This Should Be Your Healthcare Strategy In 2018. Will It Be?

There are some men who to feel like they are doing something by setying aside an entire month to grow a moustache—forgive me for being sexist, but most women cannot grow a moustache. Growing a moustache; a great idea in the 70s, when plaid, bell-bottom pants, long hair, and platform shoes spoke against Vietnam and Richard Nixon—tanned, rested and ready. (To those of you who grew up post-1975, the word Vietnam referred to a war. Now it refers to a country.) The moustache is not a great idea in 2016.

One thing about being a consultant is that we will talk to anyone about anything. At consulting school, you are encouraged to be a listener, and you are taught how to read upside down any material that may be sitting on the person’s desk with whom you are meeting—see how I avoided ending that sentence in a preposition? You are also made aware of the fact that many of your clients will want you to walk ten feet in front of them while shouting ‘unclean’ as you walk through their hallways.

Doesn’t that sound like fun?

For the longest of times I thought of myself as the Bill Murray of healthcare consulting. “Nothing prepared me for being this awesome. It’s kind of a shock to wake up each day and be bathed in this purple light.”

One thing that remains consistent in healthcare’s C-suite is that their business plans are closely aligned with what worked most recently. They are highly attuned to following what worked, not what needs to work. They are focused on staying in business—which requires making money; and that is not a bad thing. But, you don’t have to limit yourselves to making money the same way each year. This is where coloring outside of the lines comes into play. Grab a crayon.

The thing I try to bring to every meeting I attend is the notion, “This is not a rehearsal. Somewhere there is a score being kept, so you have an obligation to be as present as you can and to do as well as you can.” The thing is, when you give your best with others who are doing the same, you set the stage to accomplish great things. And that works every time, right up to the point when someone says, “That will never work here.” And maybe it won’t, but you’ll never know unless you try.

BYOK. Bring Your Own Khakis. If you understand what follows, if it makes the hairs on the back of your neck tingle with anticipation, you are capable of slamming a revolving door.

I begin 2016 by following up the apocalyptical moment that hit me over the head with a wilted asparagus two days ago, the be all end all of where the U.S. healthcare system will be three years from now. You can choose to play, or you can chose to watch. Love. Set. And Match.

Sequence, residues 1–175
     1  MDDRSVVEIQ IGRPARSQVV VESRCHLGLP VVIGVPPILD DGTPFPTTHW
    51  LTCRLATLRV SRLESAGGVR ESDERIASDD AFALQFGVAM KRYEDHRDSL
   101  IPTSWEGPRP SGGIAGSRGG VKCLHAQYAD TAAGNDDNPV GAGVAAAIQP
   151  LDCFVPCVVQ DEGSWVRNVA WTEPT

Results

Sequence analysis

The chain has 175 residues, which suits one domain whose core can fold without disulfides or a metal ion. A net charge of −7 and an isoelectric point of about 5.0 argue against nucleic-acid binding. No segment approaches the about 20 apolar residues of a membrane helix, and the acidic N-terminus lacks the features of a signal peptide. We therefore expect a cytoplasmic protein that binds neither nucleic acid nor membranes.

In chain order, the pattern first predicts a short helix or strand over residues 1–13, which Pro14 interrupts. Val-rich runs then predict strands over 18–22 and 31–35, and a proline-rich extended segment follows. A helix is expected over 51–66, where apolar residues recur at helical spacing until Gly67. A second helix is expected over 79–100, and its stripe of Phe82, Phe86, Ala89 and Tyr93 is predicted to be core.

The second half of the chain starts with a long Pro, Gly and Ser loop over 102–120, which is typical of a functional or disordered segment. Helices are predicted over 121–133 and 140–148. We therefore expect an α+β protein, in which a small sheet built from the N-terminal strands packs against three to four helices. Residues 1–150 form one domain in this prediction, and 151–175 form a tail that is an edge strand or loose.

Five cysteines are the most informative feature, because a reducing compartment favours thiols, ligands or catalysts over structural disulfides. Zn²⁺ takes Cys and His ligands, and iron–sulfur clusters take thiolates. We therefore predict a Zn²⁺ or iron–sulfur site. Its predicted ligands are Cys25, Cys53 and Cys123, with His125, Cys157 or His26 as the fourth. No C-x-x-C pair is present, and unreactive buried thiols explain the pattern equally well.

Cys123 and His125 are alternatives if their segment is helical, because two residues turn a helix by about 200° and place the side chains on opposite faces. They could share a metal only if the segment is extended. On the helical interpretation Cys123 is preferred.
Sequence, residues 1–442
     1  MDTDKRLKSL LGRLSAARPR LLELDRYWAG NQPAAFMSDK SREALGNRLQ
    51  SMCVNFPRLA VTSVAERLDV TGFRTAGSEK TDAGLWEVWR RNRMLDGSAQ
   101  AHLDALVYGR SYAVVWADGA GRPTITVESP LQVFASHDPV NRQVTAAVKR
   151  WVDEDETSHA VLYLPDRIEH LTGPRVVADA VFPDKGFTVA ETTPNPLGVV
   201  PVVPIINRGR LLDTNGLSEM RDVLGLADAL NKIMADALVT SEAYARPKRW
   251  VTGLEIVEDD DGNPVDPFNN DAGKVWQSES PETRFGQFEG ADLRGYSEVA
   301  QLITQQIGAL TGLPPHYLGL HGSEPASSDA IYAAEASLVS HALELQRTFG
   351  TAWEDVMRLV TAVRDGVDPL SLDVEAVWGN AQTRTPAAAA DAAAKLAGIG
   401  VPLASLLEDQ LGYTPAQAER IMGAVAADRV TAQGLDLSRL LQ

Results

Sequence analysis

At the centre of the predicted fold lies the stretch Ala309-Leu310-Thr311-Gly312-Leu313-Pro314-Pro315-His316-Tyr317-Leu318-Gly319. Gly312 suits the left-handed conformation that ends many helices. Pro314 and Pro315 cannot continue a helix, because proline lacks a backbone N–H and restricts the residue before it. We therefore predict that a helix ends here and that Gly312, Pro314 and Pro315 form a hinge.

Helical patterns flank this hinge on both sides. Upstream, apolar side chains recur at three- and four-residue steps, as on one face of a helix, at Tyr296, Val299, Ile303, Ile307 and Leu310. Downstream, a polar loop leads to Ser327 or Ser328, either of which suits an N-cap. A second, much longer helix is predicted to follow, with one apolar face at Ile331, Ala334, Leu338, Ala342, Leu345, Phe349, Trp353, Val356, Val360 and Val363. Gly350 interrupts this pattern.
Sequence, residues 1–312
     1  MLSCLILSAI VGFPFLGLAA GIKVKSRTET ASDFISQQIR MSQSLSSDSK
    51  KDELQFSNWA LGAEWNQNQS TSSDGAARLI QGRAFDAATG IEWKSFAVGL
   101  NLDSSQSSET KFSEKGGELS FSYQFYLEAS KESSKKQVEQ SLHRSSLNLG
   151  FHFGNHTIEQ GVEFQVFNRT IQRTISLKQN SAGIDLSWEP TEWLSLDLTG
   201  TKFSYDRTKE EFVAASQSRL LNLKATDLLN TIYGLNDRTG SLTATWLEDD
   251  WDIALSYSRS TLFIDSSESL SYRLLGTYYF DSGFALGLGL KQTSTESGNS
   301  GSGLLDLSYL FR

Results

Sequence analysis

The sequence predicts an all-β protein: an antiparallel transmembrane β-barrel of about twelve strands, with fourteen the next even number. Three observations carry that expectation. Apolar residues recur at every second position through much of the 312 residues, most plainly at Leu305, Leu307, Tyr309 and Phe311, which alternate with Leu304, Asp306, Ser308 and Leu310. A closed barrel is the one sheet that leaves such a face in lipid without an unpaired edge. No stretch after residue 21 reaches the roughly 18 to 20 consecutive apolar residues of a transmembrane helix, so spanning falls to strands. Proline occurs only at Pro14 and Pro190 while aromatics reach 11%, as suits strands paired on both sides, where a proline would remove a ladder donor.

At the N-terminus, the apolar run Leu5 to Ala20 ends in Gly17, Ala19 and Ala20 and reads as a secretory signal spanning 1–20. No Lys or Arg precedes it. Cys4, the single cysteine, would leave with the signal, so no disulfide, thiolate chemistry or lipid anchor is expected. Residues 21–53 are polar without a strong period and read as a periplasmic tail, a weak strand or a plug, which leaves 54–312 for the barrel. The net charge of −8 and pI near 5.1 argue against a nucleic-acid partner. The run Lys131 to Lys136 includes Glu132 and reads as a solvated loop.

If you are forced to attend a meeting this year that does not begin with the words, “What if,” or, “Imagine a World,” leave the meeting, pull out your knitting, or find someone in the meeting across the table from you willing to take you on in a game of Battleship on your tablet. Lead, follow, or get out of the way; and the Get-Out-Of-The-Way bus is full.

There are not many moments where you can watch the world change. Twenty years from now when your grandchildren ask, “What were you doing when this happened,” what if you could say that you were driving the bus? I’m not sure of the correct punctuation for the prior sentence, but I was a math major.

Lead. Be present. Think.

So perhaps I should stop rambling and tell you what I am thinking. At a New Year’s Eve party I am listening to my neighbor tell me about how impressed he is with his new best friend and personal concierge, Amazon Echo’s Alexa. I lasted long enough in the conversation to learn about paper towels. My neighbor said, “If I am running out of paper towels, I tell Alexa”—a cloud-based service that injects Apple’s Siri with a 2001 Space Odyssey intelligence—order paper towels.”

Alexa replies…”We have a 24-pack of paper towels that is on sale for 20% off. Shall I order them? Or, do you want to give me additional information to help me narrow down what you want?”

Now you and I both know that ninety percent of you just clicked out of my blog to go view Far Side cartoons—here’s a link to keep that group of you occupied ( You are thinking, I am a highly educated healthcare professional, and I am not going to waste my time reading what some healthcare consulting want-to-be has to say about equating the purchasing of paper towels to innovating healthcare.

To those who chose to continue playing along, hopefully what follows makes it worth you having spent another thirty seconds reading.

Just suppose, Alexa, or Siri, or Ask Google was your current healthcare wellness partner? Just suppose you could, through a device, have this conversation with your provider or payer or pharmacy? What would your loyalty be to that firm? How much more confidant would you be about the real-time status of your health? (The technology exists. The missing link is that nobody has yet to tie it to healthcare.

“Alexa, my knee hurts when I walk down a set of stairs.”

“Does your Achilles also hurt?”

“It does. What do you suggest?”

“I think you should see an orthopedist at Penn. Would you like me to schedule an appointment for you?”

“Yes, please.”

“Is there a specific doctor you wish to see? Or, do you want me to schedule an appointment for you to see whoever has the next available appointment?”

“I would like the next available appointment.”

“I scheduled you to see Dr. Winston, next Tuesday, at 10 A.M. Your copay will be ten dollars. Shall I send you a confirmation along with a copy of your receipt? You should park at the garage on 34th Street. Attached is a voucher to cover your parking.”

“Yes, please. I also realized I am out of paper towels. Can you also help me with that?”

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